Dalet, a leading provider of solutions and services for broadcasters and content professionals, today announced the appointment of Patricio Cummins as General Manager of Dalet Asia-Pacific (APAC). Based out of the Dalet regional headquarters located in Singapore, Cummins will be responsible for Dalet sales, project and customer success teams across the APAC territory. Cummins, who joined Dalet through the acquisition of the Ooyala Flex Media Platform business, was previously vice president of sales for Ooyala Asia-Pacific and Japan (APJ). “Patricio joins the Dalet team with two decades of experience in the broadcast, media and telecommunications industries and a proven track record of successfully developing new business and expanding into new markets across Asia Pacific. He is a well-prepared leader who brings expertise, enthusiasm and a fresh perspective to the team,” states Stéphane Schlayen, chief operating officer, Dalet. “Both Dalet and Ooyala have prestigious references in Asia Pacific that, when merged, have an even more promising potential under the guidance of Patricio. We wish him great success in his new endeavor.” An IABM APAC Council Member, Cummins has held key positions with Ooyala since 2014, driving customer adoption and managing service deployments, first in the Latin America region, then in APJ. His tech-savvy leadership has helped broadcasters, corporate brands, telcos, leagues, and sports teams modernize their content supply chains and reduce the time-to-launch personalized multi-platform experiences. Cummins succeeds Cesar Camacho, who has stepped into a new role at Dalet as Head of Business Development for Latin America. Schlayen concludes, “I want to personally thank Cesar for the dedication he has put into managing the Dalet business across the APAC region. His contribution was instrumental in driving our business development, growth and customer success. I am confident he will bring the same level of commitment and achievements to the Latin American market.” Meet Patricio Cummins and Dalet @ IBC2019 IBC2019 attendees can book an appointment to meet with Patricio Cummins or have a private demonstration or workflow consultation with a Dalet expert to learn more about the latest products and solutions at https://www.dalet.com/events/ibc-show-2019. Press can contact Alex Molina at alex@zazilmediagroup.com to schedule a media briefing. Better Together - Join us for a Very Special Dalet Pulse Event @ IBC2019! This IBC2019, the Dalet Pulse media innovation summit will expand its platform to include Ooyala. Celebrating the joining of two great media teams and technologies, the Dalet Pulse theme this year, Better Together, will give attendees a chance to learn about the extended product portfolio and how it helps leading media organizations develop agile content supply chains, deliver unique content experiences to multi-platform audiences, and increase revenues with Dalet solutions and partner technologies. It’s also a unique opportunity to meet the expanded team. Thursday, 12 September Pompstation, Amsterdam Keynote: 17:30 - 19:00 Party: 19:00 - 22:00 Register now via https://www.dalet.com/events/dalet-pulse-ibc-2019. About Dalet Digital Media Systems Dalet solutions and services enable media organisations to create, manage and distribute content faster and more efficiently, fully maximising the value of assets. Based on an agile foundation, Dalet offers rich collaborative tools empowering end-to-end workflows for news, sports, program preparation, post-production, archives and enterprise content management, radio, education, governments and institutions. Dalet platforms are scalable and modular. They offer targeted applications with key capabilities to address critical functions of small to large media operations - such as planning, workflow orchestration, ingest, cataloguing, editing, chat & notifications, transcoding, play out automation, multi-platform distribution and analytics. In July 2019, Dalet announced the acquisition of the Ooyala Flex Media Platform business. An acceleration of the company’s mission, the move brings tremendous value to existing Dalet and Ooyala customers, opening vast opportunities for OTT & digital distribution. Dalet solutions and services are used around the world at hundreds of content producers and distributors, including public broadcasters (BBC, CBC, France TV, RAI, TV2 Denmark, RFI, Russia Today, RT Malaysia, SBS Australia, VOA), commercial networks and operators (Canal+, FOX, MBC Dubai, Mediacorp, Fox Sports Australia, Turner Asia, Mediaset, Orange, Charter Spectrum, Warner Bros, Sirius XM Radio), sporting organisations (National Rugby League, FIVB, LFP) and government organisations (UK Parliament, NATO, United Nations, Veterans Affairs, NASA). Dalet is traded on the NYSE-EURONEXT stock exchange (Eurolist C): ISIN: FR0011026749, Bloomberg DLT:FP, Reuters: DALE.PA. Dalet® is a registered trademark of Dalet Digital Media Systems. All other products and trademarks mentioned herein belong to their respective owners.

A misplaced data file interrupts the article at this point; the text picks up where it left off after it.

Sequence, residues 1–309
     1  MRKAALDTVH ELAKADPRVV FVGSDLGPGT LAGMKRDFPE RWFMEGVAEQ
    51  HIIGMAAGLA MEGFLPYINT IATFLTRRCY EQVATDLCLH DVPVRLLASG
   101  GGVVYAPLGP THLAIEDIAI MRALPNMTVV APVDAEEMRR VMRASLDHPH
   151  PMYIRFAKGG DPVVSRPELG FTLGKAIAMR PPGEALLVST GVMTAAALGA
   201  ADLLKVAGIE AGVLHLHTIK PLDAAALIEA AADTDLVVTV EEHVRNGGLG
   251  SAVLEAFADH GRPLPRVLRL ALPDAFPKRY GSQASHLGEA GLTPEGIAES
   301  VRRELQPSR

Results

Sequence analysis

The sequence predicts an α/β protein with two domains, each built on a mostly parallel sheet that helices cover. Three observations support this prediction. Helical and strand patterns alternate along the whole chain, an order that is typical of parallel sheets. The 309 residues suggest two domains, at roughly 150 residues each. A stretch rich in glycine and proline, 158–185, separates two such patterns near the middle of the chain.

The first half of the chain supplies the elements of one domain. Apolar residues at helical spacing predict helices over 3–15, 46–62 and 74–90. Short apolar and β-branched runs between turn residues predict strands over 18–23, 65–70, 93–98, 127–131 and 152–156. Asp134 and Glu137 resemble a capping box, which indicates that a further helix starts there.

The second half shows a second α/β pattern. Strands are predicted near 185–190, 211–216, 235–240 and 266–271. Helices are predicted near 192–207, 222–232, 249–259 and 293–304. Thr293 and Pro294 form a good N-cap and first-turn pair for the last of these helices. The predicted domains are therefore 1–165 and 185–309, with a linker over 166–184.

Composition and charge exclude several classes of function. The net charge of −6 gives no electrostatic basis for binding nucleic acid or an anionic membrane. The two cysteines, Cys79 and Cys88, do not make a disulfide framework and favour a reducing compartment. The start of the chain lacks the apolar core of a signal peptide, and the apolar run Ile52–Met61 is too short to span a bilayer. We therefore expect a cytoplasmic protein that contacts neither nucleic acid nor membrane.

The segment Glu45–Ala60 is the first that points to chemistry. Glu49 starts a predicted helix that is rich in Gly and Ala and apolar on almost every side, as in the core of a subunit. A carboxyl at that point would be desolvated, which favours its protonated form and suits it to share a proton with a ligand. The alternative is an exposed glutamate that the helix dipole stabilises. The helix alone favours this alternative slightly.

25 Years of Dalet